In a recent piece I tried to lower the expectations of some of my friends in the reality-based community of foreign policy realists that a President Obama would place the Israel/Palestine issue on the top of his policy agenda. Some of these friends interpreted my analysis as an argument against possible U.S. efforts to play a more active diplomatic role in the dormant "peace process." But forecasting a rainy day doesn't mean that you are hoping for a bad weather. My geo-political forecast was based on the my reading of the current global balance of power and U.S. domestic politics.
First, the combination of the mess in Iraq/Afghanistan and the entire collapse of the neoconservative agenda plus the economic crisis have diminished the power (which includes public support) of the U.S. to shape global events, including the Mideast. And the organized support for Israel in Washington has become a form of rent seeking in a sense of capturing monopoly privileges in determining U.S. foreign policy and making it difficult to resist it (which tends of happen to imperial powers when domestic players compete to control its growing resources abroad).
Now... it seems to me that because of inertia or vested interests, members of the elites always fail to recognize the eroding influence of a declining great power. Economists refer to Recognition lag when they discuss the time lag between when an actual economic shock, such as sudden boom or bust occurs, and when it is recognized by economists, central bankers and the government. A similar time lag may explain why so many pundits are continuing to demand and/or expect the Obama Administration to reassert U.S. influence abroad and "do something" about this or that (depending on one's favorite foreign policy agenda).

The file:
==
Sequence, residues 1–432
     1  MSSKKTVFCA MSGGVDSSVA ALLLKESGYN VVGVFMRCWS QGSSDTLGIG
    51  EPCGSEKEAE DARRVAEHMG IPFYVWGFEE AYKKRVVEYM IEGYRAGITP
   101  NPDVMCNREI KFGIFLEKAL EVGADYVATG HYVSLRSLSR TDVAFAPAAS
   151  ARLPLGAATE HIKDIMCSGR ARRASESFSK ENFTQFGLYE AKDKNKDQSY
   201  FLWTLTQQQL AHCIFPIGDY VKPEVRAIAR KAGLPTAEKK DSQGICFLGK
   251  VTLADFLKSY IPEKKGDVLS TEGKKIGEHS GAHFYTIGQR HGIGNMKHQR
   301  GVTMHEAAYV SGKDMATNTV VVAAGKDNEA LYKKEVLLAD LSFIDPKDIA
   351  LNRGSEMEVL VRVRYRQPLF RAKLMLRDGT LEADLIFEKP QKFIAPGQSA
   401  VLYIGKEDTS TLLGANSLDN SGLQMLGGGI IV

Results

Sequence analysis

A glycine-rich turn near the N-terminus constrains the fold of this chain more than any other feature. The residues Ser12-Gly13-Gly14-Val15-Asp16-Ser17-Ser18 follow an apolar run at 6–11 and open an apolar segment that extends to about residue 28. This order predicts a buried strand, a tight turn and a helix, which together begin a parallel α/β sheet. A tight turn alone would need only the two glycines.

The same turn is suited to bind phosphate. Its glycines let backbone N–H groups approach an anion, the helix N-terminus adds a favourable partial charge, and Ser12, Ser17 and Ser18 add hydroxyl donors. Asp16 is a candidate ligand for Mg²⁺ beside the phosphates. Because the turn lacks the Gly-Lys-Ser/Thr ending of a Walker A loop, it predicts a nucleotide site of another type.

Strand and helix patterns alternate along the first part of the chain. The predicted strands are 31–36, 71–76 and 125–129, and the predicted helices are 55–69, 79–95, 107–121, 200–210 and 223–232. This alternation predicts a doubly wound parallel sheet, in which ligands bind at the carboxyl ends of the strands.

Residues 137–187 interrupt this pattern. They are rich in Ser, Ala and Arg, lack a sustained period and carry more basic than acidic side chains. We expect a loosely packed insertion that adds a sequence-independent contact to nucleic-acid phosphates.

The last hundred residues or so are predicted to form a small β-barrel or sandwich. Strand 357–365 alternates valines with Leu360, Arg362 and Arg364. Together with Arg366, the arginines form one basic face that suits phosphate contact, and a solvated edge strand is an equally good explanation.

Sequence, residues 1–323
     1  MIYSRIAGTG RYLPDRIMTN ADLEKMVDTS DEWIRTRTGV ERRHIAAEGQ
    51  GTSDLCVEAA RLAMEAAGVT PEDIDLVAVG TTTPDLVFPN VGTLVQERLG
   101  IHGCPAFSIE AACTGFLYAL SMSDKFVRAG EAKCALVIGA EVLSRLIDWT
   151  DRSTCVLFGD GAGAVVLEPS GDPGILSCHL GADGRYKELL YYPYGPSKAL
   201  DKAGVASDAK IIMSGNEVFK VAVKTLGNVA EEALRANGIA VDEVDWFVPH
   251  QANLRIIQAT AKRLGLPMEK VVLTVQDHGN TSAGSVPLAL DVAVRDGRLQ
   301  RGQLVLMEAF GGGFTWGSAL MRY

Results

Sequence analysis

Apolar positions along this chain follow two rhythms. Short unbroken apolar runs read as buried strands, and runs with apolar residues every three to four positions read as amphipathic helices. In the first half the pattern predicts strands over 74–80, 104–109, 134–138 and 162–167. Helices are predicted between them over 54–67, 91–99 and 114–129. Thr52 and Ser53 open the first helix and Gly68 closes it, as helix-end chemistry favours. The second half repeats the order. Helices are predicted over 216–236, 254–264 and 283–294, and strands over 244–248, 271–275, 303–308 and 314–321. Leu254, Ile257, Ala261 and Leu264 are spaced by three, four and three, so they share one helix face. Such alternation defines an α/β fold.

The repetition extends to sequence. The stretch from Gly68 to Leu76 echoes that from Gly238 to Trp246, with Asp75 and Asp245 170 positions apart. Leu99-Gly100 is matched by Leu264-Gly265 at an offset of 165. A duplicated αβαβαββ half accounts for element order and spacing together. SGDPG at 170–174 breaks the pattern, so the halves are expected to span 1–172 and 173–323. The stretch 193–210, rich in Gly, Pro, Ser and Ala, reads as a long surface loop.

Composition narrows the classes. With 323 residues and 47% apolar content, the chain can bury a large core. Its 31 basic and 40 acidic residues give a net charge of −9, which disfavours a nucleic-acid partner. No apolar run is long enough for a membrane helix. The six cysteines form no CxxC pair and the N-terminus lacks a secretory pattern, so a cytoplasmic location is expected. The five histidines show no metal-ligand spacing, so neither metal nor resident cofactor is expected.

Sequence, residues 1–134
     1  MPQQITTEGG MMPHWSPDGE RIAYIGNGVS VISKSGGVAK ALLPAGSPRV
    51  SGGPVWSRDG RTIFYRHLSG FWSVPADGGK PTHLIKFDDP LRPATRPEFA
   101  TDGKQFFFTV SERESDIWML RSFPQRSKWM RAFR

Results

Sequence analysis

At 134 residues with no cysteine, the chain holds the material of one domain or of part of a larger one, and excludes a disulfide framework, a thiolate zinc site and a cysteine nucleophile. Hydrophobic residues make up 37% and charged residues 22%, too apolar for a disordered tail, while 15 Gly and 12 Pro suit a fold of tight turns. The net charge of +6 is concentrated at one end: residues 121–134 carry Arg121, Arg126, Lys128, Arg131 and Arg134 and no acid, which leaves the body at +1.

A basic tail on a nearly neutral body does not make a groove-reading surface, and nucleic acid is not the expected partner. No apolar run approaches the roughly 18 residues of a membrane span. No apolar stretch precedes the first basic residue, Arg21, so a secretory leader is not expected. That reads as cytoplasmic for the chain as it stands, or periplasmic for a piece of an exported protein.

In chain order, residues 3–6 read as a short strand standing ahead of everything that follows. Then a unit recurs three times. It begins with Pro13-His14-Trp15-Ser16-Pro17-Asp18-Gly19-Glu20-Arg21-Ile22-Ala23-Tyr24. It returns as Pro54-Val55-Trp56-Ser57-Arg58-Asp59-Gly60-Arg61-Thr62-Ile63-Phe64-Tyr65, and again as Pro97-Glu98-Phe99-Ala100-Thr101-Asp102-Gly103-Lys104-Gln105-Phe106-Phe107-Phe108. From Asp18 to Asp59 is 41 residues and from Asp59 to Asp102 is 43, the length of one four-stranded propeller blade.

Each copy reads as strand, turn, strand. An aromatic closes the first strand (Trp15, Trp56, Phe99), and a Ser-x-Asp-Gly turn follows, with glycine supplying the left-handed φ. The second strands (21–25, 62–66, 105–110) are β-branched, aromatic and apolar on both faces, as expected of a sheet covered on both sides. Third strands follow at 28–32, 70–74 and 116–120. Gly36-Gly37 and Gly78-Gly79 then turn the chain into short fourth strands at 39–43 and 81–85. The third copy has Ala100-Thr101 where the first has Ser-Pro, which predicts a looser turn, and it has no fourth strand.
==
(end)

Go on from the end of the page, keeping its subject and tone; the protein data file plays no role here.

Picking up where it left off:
Interestingly enough, in a foreign policy seminar I led a while ago I asked my students to conduct a content analysis of how the leading powers were covered by the major international dailies in the aftermath of WWII. They were astonished to discover that until the mid 1950's both Great Britain and France (by then bankrupted economic and military powers) were described as "great powers" more times than the U.S. and the Soviet Union. Only in the late 1950's was "great" being dropped as an adjective when discussing the Brits and the French and "super" was applied to the Americans and the Soviets. A example of recognition lag in foreign policy.
I certainly don't believe that the U.S. occupies now the same position that Britain and France did after WWII. But America ceased to be the only-remaining-superpower or the Leader of the Free World. And I doubt very much that if Washington at the height of the Unipolar Moment in 2000 and a time when the Israelis and the Palestinians were less radicalized and led by strong and moderate leaderships, couldn't get an Israeli-Palestinian peace agreement, that it would be able to do that today even under a president who probably wants to see some progress in that arena.
Sorry, guys. But the weather is going to be bad and not because I made it bad.